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USCIS Made Unannounced Change to Its Electronic Filing (E-filing) System

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In early May 2012, USCIS made an unannounced change to its electronic filing (e-filing) system. For many years, e-filed I-140 petitions were processed exclusively by the Texas Service Center (TSC). However, after the change, the USCIS began to route e-filed I-140 petitions to the USCIS service centers based on jurisdiction. Therefore, I-140 petitions are now being sent to the Nebraska Service Center (NSC) if the petitioner is located in states/territories that fall within the NSC jurisdiction.

This change only affects I-140 cases where petitioners are within the NSC jurisdiction. NSC currently has I-140 jurisdiction over the following states and territories: Alaska, Arizona, California, Colorado, Guam, Hawaii, Idaho, Illinois, Indiana, Iowa, Kansas, Michigan, Minnesota, Missouri, Montana, Nebraska, Nevada, North Dakota, Ohio, Oregon, South Dakota, Utah, Washington, Wisconsin, and Wyoming.

This change does not affect I-140 cases where petitioners are within the TSC jurisdiction. TSC currently has I-140 jurisdiction over the following states and territories: Alabama, Arkansas, Connecticut, Delaware, the District of Columbia, Florida, Georgia, Kentucky, Louisiana, Maine, Maryland, Massachusetts, Mississippi, New Hampshire, New Jersey, New Mexico, New York, North Carolina, South Carolina, Oklahoma, Pennsylvania, Puerto Rico, Rhode Island, Tennessee, Texas, Vermont, Virginia, U.S. Virgin Islands, and West Virginia.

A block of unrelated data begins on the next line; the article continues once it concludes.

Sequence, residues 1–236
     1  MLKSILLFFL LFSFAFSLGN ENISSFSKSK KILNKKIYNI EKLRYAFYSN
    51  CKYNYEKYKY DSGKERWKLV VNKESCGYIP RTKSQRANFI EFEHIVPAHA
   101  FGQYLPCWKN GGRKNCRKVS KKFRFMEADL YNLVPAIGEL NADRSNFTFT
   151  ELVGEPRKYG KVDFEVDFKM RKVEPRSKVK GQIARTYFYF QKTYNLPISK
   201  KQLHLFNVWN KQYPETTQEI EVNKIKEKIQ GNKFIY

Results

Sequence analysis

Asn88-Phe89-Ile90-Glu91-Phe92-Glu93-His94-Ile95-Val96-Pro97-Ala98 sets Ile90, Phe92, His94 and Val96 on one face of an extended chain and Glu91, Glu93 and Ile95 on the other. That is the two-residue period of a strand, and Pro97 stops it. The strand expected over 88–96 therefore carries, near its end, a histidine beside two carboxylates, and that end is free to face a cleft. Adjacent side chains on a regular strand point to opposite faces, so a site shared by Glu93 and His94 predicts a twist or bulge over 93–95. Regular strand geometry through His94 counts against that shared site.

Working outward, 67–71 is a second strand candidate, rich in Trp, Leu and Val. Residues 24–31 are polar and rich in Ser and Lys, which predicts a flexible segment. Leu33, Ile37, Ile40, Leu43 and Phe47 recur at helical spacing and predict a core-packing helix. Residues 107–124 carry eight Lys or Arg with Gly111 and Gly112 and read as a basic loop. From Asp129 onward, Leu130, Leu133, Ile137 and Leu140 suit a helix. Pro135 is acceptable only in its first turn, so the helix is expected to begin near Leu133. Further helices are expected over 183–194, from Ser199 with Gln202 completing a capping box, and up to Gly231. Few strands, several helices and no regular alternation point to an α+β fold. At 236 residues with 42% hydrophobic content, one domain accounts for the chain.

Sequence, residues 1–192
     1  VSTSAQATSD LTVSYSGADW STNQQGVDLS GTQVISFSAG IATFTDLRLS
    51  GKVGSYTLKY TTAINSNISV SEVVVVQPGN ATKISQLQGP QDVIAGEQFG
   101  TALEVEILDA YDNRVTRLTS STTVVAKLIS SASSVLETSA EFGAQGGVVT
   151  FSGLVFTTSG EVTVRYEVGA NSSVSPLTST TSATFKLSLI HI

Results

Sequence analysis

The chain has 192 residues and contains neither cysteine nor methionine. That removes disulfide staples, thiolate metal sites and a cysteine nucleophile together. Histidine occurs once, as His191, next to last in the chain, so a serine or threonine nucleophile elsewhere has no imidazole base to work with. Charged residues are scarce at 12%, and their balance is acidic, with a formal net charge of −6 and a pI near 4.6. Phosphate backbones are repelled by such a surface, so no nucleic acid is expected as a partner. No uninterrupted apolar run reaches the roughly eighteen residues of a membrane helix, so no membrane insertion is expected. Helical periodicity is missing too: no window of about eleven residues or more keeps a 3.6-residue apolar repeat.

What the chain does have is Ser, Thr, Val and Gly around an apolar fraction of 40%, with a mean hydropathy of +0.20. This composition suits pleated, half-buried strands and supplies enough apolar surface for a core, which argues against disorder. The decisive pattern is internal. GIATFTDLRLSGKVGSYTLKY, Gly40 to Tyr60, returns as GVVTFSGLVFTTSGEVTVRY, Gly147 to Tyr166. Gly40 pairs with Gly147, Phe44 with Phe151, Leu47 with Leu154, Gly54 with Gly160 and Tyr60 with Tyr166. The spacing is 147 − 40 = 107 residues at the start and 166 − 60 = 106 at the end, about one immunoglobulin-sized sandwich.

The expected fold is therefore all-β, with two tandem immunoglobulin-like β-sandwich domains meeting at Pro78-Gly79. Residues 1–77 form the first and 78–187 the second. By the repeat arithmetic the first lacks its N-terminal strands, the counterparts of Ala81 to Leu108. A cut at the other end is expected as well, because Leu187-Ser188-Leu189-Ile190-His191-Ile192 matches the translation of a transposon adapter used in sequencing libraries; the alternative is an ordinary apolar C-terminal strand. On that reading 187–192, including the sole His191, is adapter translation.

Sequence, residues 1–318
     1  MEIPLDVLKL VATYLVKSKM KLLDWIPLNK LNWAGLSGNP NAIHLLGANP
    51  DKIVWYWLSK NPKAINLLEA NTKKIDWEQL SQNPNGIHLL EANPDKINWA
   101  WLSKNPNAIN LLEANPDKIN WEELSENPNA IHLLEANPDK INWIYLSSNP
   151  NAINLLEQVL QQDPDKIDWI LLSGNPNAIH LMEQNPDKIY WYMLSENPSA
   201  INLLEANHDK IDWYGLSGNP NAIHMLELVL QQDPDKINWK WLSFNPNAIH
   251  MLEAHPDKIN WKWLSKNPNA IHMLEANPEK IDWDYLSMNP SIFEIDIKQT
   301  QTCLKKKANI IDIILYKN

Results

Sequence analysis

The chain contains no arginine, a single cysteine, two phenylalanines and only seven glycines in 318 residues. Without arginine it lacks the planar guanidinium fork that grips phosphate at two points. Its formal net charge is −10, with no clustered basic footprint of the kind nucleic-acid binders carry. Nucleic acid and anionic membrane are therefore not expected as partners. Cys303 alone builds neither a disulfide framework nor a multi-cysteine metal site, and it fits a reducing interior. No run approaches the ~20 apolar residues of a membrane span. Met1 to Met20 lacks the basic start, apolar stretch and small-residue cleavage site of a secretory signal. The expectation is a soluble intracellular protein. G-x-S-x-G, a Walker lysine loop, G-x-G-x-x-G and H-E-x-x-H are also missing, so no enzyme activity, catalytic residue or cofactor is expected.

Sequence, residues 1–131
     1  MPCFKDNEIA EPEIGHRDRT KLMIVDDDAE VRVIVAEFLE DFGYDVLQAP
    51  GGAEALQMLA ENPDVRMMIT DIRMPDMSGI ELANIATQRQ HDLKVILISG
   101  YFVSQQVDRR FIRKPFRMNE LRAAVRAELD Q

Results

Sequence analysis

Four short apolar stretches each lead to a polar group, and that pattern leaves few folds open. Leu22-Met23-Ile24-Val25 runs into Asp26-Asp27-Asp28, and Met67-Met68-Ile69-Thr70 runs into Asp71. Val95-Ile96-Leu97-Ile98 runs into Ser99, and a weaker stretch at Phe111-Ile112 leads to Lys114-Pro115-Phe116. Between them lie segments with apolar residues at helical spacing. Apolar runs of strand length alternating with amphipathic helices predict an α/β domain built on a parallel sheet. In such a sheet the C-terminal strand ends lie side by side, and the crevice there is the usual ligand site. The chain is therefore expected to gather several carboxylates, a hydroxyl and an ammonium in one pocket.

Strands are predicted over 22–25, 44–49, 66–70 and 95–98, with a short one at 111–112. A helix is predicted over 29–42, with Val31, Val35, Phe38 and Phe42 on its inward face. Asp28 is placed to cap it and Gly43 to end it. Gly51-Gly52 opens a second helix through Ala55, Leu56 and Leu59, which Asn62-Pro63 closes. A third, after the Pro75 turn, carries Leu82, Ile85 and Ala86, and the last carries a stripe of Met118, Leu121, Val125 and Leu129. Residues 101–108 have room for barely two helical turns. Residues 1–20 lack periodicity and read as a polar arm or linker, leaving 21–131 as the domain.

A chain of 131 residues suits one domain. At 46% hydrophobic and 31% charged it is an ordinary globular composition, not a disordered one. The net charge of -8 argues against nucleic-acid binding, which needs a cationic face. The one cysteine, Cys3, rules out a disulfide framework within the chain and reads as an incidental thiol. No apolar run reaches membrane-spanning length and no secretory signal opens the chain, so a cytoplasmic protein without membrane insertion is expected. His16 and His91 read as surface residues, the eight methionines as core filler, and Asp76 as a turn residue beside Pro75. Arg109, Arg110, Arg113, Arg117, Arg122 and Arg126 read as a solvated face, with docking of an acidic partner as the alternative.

Although the USCIS strives for consistency between the two service centers, the NSC historically has had significantly lower I-140 approval rates than the TSC, especially for EB-1 I-140 petitions. This is clearly evidenced by the divergent approval rates between the two service centers. According to a report released in December 2011 by the USCIS Ombudsman's Office, during the first three quarters of 2011, the TSC reported an EB-1 I-140 approval rate of approximately 75%; during the same period, the NSC reported an EB-1 I-140 approval rate of only about 40%. This indicates that many EB-1 I-140 cases with credentials that have a reasonable chance to be approved by the TSC may only have a slim chance to be approved by the NSC.

Due to this change, if EB-1 I-140 petitioners are located within the NSC jurisdiction, it is recommended that they have a backup plan in case the EB-1 I-140 petition is denied by the NSC. Many EB-1 I-140 petitioners/beneficiaries also file EB-2 petitions based on National Interest Waiver (as self-petitioner) or PERM (sponsored by employer) as a backup. While this may be a matter of choice for applicants under the TSC jurisdiction, it may have become a matter of necessity for many applicants under the NSC jurisdiction.

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